Saturday, March 27, 2010

The Apple Never Falls Far From The Tree


It all started benignly enough when my daughter decided to take part in children's theater. At the mandatory meeting for parent volunteers, I offered to setup a Yahoo! Group (Google Groups were just a twinkle in Larry and Sergey's eyes back then) for us and the theater director turned and said to me, "So, I see you're a community organizer." Before long, I was community organizing every chance I could get: BayCHI, BayDUX, Java User Groups, Java Champions, JUG-USA, Google Technology User Groups, Ignites, Community Leadership Summits, ...

Truth be told, the origins of my obsession with community organizing can be traced back to my early childhood. As they say, the apple never falls far from the tree. It should come as no surprise that my father was also a serial community organizer. Shirleigh Van Riper was a community organizer in both local sports and local politics. He served in various elected capacities for over 25 years including a 10 year stint as Mayor of Onalaska. When not at council meetings, he was on the sports field coaching kids in football and baseball. There were always kids from his sports teams hanging out at our home. On New Year's Day, he would cook a huge batch of chili and all the kids would hang out at our place and watch football games on TV. When he finally retired from politics and coaching, there was a new park being built in town. In honor of his contributions to the community, the park was named Van Riper Park.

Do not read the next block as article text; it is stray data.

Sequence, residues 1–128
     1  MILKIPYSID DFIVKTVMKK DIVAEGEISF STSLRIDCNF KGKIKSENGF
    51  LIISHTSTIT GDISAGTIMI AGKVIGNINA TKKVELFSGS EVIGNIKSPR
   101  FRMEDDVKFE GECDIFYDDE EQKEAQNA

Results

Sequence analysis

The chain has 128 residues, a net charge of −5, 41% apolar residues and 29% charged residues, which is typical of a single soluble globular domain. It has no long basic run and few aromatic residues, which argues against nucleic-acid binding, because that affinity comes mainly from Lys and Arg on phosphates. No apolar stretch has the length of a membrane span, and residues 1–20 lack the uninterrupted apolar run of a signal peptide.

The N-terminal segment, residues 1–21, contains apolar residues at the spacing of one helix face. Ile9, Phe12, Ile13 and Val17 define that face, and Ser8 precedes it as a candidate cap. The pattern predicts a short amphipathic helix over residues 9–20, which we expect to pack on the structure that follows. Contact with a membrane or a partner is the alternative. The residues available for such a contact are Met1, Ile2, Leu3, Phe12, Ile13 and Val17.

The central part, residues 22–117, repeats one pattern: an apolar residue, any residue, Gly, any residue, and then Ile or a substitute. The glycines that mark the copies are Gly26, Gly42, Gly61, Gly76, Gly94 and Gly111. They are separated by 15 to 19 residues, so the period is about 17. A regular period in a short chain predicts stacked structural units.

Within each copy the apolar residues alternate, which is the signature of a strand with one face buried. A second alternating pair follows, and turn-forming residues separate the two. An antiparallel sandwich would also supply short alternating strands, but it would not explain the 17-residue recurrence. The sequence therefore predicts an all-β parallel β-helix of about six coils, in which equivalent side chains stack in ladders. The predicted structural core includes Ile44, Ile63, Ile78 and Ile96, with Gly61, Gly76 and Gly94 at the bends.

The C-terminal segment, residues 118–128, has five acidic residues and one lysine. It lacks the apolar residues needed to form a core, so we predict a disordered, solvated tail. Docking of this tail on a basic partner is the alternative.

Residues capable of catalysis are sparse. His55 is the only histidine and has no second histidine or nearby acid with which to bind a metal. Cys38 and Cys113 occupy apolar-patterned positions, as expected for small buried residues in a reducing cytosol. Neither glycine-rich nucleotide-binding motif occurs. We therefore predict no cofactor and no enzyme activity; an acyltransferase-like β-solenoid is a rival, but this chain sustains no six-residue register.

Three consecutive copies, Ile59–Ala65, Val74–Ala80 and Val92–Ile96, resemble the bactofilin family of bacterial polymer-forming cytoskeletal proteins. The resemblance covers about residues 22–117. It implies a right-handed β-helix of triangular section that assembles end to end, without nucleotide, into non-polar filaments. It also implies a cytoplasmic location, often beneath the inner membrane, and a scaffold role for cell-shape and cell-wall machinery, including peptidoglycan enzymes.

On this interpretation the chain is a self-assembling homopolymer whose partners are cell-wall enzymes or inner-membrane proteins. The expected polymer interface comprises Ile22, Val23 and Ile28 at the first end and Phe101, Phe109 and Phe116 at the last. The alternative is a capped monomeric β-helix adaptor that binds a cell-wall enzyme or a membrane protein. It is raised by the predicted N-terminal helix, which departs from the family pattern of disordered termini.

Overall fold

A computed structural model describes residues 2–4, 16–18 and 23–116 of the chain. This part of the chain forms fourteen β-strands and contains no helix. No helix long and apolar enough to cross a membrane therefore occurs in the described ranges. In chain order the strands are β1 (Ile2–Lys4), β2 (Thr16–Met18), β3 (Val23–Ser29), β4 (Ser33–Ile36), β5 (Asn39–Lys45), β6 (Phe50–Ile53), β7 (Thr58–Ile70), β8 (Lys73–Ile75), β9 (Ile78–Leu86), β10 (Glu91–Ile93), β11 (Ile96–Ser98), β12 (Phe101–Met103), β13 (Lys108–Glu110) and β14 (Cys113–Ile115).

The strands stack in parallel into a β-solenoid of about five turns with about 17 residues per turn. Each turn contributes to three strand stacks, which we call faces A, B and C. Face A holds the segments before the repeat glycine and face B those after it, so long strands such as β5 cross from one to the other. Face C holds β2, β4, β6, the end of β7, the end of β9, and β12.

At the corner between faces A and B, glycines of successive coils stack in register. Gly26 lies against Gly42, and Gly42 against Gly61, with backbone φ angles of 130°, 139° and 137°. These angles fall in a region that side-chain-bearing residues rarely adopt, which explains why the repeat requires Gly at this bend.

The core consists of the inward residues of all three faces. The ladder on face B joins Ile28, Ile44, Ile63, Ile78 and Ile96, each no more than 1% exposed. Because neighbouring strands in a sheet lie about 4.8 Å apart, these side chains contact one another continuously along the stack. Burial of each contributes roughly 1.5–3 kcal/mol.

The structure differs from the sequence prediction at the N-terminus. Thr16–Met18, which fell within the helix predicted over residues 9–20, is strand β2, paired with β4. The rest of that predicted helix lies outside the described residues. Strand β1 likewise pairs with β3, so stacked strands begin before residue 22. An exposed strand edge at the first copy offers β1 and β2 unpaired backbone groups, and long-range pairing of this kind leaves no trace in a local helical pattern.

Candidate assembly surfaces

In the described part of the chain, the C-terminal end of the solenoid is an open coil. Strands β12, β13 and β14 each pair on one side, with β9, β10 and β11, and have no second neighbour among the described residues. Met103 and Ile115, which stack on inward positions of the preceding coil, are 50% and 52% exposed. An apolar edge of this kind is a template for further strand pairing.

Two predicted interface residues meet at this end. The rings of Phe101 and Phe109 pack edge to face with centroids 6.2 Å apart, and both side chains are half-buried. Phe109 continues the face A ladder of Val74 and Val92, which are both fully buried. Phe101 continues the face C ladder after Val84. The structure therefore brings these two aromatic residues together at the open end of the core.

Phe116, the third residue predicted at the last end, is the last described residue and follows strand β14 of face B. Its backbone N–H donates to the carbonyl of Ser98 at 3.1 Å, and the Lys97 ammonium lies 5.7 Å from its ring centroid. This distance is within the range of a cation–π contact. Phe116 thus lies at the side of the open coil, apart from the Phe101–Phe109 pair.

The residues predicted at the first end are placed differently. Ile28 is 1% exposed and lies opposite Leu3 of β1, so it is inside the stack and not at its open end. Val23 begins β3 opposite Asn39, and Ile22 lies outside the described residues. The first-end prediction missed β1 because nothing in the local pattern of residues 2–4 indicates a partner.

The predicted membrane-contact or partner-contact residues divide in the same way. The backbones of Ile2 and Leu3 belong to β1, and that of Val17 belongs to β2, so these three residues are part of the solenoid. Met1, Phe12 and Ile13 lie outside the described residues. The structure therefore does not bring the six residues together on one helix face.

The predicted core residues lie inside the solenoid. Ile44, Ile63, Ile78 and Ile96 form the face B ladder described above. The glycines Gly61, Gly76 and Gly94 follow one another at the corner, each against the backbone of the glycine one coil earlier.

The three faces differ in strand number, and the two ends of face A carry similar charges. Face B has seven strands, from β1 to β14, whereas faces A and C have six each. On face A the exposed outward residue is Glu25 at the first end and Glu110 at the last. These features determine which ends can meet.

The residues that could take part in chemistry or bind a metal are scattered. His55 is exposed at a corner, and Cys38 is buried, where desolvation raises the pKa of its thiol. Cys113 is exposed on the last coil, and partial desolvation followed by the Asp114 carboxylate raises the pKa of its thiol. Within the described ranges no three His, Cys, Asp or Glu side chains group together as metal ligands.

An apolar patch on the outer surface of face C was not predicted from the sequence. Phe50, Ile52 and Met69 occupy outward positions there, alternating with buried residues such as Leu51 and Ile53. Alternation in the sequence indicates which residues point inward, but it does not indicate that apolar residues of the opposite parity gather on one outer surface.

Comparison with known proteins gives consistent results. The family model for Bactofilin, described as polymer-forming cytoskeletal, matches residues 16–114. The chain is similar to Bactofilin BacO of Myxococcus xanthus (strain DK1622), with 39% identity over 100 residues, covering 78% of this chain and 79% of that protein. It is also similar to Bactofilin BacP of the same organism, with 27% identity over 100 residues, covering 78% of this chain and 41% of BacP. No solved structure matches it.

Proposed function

So, you might be thinking that "Shirleigh" is an unusual name for a man. It surely was particularly in the rural part of Wisconsin where we come from. He never went by that name. When he was a kid, everyone called him Spanky. Always the community organizer, he was the leader of his gang of friends growing up just like Spanky was the leader of The Little Rascals. When he was older, everyone started calling him Van. After his premature death due to a heart attack in 1994, I started asking people to call me Van too in remembrance of him.

The apple never falls far from the tree.